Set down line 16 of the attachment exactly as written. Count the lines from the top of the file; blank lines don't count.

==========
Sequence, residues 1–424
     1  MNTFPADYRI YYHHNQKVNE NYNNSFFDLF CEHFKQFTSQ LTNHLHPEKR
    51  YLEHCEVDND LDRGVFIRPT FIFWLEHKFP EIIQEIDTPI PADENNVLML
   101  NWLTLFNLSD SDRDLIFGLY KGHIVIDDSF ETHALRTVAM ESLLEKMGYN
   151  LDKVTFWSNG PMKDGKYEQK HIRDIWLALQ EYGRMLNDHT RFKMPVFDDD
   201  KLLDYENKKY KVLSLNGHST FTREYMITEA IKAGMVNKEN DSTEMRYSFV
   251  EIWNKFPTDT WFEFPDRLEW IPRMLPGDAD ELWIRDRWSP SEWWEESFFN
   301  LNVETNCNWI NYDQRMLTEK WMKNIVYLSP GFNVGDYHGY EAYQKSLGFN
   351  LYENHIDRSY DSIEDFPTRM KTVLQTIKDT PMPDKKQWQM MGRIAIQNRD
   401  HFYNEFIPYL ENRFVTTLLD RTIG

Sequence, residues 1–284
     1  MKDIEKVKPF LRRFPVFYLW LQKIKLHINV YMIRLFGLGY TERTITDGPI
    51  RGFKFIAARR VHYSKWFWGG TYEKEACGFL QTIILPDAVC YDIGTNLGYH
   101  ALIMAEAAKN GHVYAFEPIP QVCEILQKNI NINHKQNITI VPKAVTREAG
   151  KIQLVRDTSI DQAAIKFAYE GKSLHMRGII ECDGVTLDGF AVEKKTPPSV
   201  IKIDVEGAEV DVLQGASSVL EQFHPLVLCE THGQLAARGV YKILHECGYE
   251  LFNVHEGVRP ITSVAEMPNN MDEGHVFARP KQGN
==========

   201  IKIDVEGAEV DVLQGASSVL EQFHPLVLCE THGQLAARGV YKILHECGYE